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Let $K = \mathbb{Q}(\sqrt{65})$. Let $L = \mathbb{Q}(\sqrt{5}, \sqrt{13})$. Is $L$ the Hilbert class field of $K$? If yes, how would you prove this?

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up vote 5 down vote accepted

First, compute the class number of $K$; the answer is $2$.

Now $L$ is a quadratic extension of $K$, which is unramified except possibly at primes above $5$ (write $L = K(\sqrt{5})$ ) and is also unramified except possibly at primes above $13$ (write $L = K(\sqrt{13})$). Thus $L/K$ is quadratic and unramified everywhere (including at infinity, since it is a totally real extension), and so must be the Hilbert Class Field of $K$.

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Dear Matt, Could you explain why $L$ is unramified except possibly at primes above 5? Regards, –  Makoto Kato Aug 17 '12 at 5:37
    
@MakotoKato: Dear Makoto, Because this is true of $\mathbb Q(\sqrt{5})/\mathbb Q$, and $L$ is the compositum of $K$ with $\mathbb Q(\sqrt{5})$. Or, more concretely, the ring of integers of $L$ contains $\mathcal O_K[(1+\sqrt{5})/2]$, and the latter ring has relative discriminant $5$ over $\mathcal O_K$, so that the relative discriminant of $\mathcal O_L$ over $\mathcal O_K$ divides $5$. Regards, –  Matt E Aug 17 '12 at 5:39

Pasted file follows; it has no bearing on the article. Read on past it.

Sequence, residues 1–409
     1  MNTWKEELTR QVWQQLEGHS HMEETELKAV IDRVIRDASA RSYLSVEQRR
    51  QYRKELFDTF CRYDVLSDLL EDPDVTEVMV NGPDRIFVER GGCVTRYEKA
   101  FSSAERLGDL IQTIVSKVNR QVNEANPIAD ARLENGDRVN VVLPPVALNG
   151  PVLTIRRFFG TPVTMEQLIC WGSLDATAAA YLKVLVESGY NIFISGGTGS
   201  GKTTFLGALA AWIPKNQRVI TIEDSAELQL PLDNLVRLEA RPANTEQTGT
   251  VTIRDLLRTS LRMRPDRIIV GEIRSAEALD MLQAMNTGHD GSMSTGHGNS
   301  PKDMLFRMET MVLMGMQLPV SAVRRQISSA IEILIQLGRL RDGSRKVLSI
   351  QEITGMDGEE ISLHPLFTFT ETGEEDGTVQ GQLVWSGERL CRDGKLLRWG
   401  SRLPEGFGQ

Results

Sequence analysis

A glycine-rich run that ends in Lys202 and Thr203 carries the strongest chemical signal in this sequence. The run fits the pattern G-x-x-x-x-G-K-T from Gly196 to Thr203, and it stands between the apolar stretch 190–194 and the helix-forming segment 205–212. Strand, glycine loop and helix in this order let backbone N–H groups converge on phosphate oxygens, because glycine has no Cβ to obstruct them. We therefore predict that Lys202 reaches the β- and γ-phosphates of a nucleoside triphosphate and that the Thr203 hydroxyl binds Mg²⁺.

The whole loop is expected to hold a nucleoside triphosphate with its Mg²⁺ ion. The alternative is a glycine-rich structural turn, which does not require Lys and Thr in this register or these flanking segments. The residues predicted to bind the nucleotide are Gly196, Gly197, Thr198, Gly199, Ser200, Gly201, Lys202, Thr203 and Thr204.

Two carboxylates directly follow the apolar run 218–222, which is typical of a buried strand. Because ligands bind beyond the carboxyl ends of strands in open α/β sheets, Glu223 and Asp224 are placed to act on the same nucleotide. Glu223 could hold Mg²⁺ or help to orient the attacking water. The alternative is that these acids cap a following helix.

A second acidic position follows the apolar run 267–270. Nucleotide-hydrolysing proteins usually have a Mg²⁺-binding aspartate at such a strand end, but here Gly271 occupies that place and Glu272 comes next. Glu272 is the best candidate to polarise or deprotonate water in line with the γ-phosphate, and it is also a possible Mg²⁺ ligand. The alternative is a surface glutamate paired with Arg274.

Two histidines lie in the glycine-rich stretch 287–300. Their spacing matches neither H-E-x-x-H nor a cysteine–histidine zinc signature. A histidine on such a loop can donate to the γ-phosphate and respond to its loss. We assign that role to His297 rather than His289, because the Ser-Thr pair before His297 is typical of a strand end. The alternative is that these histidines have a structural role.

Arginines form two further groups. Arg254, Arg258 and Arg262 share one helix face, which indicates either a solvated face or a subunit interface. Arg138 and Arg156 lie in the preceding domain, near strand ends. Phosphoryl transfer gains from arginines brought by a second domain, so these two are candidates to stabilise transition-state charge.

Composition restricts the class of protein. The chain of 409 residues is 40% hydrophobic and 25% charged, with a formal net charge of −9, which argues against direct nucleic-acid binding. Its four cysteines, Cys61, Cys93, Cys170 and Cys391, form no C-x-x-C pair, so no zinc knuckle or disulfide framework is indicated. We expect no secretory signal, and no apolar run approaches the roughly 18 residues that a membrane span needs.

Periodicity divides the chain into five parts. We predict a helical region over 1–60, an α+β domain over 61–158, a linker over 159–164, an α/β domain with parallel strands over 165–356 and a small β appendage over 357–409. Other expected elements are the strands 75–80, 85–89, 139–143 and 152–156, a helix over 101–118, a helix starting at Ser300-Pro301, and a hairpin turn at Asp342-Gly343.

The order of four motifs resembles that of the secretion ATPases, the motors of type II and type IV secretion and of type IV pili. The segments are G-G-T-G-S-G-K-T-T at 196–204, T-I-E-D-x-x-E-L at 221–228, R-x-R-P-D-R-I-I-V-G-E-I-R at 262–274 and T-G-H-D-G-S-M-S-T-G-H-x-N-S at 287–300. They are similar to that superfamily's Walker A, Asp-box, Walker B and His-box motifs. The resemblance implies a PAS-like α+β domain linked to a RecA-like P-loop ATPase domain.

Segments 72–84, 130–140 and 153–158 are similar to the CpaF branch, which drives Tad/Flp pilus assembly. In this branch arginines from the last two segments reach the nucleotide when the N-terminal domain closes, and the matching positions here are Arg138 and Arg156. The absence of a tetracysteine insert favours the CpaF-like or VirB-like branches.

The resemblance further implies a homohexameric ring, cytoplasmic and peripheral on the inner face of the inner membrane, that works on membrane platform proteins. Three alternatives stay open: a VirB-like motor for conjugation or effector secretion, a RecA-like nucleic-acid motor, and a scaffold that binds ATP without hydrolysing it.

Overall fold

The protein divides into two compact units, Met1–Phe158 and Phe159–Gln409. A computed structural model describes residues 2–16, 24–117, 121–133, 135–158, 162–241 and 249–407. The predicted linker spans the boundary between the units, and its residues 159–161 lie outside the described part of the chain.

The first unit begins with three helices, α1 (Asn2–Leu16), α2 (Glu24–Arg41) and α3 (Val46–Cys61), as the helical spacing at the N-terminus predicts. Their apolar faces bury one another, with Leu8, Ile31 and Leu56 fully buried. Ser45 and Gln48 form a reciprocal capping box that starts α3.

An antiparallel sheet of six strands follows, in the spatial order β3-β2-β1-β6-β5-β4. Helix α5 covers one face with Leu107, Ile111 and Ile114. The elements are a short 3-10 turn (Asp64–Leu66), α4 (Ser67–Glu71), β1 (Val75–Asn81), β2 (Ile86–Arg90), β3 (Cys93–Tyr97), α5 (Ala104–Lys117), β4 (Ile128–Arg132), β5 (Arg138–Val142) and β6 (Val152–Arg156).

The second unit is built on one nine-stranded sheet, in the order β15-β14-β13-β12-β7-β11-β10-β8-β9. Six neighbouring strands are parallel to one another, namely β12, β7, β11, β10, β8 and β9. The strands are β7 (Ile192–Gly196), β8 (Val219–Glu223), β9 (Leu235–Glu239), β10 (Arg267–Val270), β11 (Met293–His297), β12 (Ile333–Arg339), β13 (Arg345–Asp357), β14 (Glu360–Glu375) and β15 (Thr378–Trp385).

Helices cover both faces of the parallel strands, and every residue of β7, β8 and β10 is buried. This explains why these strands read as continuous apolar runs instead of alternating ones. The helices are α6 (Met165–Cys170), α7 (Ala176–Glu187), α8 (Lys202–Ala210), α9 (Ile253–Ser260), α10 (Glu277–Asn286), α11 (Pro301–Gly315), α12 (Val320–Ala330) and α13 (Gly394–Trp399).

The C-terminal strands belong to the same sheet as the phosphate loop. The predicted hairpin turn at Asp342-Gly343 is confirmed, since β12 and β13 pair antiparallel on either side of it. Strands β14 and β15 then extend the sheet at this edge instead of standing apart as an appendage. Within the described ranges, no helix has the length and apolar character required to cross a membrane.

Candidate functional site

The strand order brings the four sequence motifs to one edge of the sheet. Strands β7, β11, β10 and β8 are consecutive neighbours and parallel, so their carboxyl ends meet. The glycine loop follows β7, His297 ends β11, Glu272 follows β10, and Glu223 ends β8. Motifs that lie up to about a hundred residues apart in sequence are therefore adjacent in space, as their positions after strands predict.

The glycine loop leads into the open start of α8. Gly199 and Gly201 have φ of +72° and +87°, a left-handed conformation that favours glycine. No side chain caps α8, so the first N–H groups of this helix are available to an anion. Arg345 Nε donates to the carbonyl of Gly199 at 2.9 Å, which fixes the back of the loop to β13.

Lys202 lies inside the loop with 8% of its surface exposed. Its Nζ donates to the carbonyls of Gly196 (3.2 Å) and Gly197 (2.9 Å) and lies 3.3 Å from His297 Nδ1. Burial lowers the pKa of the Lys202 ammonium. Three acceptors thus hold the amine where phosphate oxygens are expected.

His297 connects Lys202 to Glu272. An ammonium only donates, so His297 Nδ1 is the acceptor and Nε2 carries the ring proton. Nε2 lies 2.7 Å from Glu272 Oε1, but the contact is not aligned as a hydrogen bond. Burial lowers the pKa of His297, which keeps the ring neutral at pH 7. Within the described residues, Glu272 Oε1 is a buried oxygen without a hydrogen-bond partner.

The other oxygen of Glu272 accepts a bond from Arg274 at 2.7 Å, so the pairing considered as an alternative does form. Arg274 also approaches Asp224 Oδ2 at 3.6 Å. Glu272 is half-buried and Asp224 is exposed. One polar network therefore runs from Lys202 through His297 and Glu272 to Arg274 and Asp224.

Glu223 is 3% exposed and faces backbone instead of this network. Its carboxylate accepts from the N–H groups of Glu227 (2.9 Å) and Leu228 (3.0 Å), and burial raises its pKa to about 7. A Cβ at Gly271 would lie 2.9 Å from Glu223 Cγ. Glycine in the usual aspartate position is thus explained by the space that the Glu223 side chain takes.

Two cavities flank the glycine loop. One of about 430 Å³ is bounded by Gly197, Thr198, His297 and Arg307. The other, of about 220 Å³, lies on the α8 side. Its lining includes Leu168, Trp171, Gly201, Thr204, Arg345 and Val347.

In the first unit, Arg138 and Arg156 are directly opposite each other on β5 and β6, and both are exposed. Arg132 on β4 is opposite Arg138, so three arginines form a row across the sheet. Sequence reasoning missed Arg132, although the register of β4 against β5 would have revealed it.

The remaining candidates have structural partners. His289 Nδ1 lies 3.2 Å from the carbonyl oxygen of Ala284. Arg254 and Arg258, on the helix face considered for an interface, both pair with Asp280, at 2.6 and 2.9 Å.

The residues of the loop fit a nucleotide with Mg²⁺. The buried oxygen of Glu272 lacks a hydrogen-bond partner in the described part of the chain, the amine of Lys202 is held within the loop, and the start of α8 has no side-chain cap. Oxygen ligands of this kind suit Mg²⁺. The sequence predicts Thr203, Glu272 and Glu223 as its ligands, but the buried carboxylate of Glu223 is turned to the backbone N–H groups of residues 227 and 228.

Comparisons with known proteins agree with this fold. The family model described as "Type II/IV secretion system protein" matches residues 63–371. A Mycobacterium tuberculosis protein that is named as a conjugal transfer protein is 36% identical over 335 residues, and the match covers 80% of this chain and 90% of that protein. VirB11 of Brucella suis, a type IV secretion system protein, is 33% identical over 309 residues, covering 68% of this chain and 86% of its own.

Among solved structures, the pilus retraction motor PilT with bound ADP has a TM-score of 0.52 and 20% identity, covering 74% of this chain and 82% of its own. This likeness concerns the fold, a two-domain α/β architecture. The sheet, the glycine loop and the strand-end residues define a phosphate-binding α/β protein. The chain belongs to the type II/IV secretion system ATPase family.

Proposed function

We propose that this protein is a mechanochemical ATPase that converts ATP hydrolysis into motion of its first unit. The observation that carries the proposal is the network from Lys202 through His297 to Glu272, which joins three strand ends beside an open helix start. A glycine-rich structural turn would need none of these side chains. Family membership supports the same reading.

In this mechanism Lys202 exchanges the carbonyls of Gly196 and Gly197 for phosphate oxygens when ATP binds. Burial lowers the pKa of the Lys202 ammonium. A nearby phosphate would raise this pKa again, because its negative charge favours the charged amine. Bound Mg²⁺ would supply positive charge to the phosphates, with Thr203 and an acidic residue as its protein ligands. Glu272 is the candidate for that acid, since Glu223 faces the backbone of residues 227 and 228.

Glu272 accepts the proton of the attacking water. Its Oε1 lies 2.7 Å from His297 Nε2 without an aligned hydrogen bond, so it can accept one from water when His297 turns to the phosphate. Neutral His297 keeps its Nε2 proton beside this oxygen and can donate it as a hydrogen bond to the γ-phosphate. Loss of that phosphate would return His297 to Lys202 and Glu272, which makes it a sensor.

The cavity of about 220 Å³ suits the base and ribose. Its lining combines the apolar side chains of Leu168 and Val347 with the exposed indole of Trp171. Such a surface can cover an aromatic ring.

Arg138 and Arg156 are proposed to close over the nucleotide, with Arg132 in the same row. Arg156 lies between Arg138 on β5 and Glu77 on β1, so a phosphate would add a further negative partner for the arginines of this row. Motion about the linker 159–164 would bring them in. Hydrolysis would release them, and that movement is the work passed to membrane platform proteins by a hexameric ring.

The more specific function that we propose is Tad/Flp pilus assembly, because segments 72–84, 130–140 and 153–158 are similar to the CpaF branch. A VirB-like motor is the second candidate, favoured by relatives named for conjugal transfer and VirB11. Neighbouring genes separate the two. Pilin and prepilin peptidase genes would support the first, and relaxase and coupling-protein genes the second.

@SushmaPalimar Please read the section Ramification of the following article. en.wikipedia.org/wiki/Different_ideal#Relative_different –  Makoto Kato Oct 7 '13 at 15:35
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Since the class number of $K$ is 2, it suffices to prove that $L$ is unramified at every finite prime of $K$. First note that $L = K(\sqrt{5}) = K(\sqrt{13})$.

Let $\mathfrak{D}$ be the different of $L/K$. Let $f(X) = X^2 - 5$. $f'(\sqrt{5}) = 2\sqrt{5}$. Hence $2\sqrt{5} \in \mathfrak{D}$. Similarly $2\sqrt{13} \in \mathfrak{D}$.

Since 5 and 13 are relatively prime, $\sqrt{5}$ and $\sqrt{13}$ are relatively prime in $L$. Hence $1 = \alpha\sqrt{5} + \beta\sqrt{13}$ for some algebraic integers $\alpha, \beta \in L$. Hence $2 = \alpha 2\sqrt{5} + \beta 2\sqrt{13} \in \mathfrak{D}$.

Let $g(X) = X^2 + 3X + 1$. $\gamma = (-3 + \sqrt{5})/2$ is a root of $g(X)$. Hence $g'(\gamma) = \sqrt{5} \in \mathfrak{D}$. Hence $5 = (\sqrt{5})^2 \in \mathfrak{D}$. Since $2, 5 \in \mathfrak{D}$, $1 \in \mathfrak{D}$. Hence $L/K$ is unramified.

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